SFR Investments Pool 1, LLC v. First Horizon Home Loans

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Justia Opinion Summary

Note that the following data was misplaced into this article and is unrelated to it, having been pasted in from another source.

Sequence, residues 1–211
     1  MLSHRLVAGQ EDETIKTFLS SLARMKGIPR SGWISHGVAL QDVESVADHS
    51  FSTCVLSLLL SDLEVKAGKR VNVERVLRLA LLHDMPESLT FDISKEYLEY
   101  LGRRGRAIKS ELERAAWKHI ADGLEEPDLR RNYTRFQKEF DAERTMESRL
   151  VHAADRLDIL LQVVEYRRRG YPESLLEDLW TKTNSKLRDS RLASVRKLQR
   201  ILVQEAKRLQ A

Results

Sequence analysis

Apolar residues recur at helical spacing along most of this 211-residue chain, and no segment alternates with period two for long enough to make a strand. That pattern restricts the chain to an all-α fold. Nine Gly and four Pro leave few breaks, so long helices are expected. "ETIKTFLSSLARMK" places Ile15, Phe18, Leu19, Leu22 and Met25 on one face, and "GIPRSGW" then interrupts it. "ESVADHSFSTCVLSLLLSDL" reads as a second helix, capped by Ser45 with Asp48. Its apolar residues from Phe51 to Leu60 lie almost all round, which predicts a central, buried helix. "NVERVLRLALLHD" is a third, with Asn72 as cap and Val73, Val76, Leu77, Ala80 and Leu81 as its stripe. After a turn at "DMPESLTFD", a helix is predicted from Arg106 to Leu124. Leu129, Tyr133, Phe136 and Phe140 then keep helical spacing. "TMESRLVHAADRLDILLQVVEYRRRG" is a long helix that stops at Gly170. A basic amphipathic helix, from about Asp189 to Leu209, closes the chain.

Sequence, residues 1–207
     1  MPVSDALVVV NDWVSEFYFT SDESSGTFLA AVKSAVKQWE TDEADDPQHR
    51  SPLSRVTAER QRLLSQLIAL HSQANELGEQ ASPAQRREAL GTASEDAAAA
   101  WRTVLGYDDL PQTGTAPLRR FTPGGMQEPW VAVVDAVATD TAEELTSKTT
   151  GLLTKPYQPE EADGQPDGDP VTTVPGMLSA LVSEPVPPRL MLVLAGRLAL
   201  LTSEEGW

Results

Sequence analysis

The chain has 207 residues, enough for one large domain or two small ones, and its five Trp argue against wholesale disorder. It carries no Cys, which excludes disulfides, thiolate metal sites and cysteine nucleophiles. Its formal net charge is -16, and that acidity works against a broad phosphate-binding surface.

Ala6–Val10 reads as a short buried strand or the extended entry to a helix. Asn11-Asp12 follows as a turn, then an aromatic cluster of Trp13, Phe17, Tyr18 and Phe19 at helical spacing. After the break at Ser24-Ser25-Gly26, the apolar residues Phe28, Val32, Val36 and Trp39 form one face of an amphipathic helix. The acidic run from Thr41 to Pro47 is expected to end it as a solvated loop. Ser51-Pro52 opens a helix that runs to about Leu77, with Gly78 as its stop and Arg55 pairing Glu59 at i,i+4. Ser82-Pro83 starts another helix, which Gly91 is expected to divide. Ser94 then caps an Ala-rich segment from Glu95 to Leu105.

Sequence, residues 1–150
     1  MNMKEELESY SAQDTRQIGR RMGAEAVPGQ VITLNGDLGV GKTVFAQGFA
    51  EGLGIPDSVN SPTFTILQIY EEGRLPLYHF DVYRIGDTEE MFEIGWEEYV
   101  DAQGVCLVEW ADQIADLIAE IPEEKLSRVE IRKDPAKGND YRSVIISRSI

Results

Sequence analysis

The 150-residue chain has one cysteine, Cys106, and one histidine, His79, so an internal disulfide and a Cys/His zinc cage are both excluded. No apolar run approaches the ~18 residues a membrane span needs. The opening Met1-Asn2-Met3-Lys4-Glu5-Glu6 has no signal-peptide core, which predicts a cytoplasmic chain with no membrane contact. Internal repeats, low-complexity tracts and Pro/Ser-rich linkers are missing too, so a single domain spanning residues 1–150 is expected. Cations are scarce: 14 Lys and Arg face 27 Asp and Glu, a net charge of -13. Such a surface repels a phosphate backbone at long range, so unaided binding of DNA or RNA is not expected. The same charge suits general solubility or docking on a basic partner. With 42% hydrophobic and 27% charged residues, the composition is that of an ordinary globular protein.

Two days after Silver Springs Homeowner's Association recorded a notice of foreclosure sale, First Horizon Home Loans recorded its own notice of foreclosure sale. First Horizon was the first to hold its foreclosure sale and bought the property on a credit bid. Before First Horizon recorded its trustee's deed, Silver Springs held its foreclosure sale, at which SFR purchased the same property. SFR sued to quiet title. The district court granted First Horizon summary judgment, finding that Silver Springs had not provided the statutorily required notices pursuant to NRS 116.31162 and NRS 116.311635. The Supreme Court of Nevada reversed and remanded, finding that the district court erred in finding Silver Springs' foreclosure sale invalid. Because NRS 116.31162 requires a homeowner's association (HOA) foreclosing on its interest to record its notice of foreclosure sale, any subsequent buyer purchases the property subject to that notice that a foreclosure may be imminent. Therefore, an HOA need not restart the entire foreclosure process each time the property changes ownership so long as the HOA has provided the required notices to all parties who are entitled.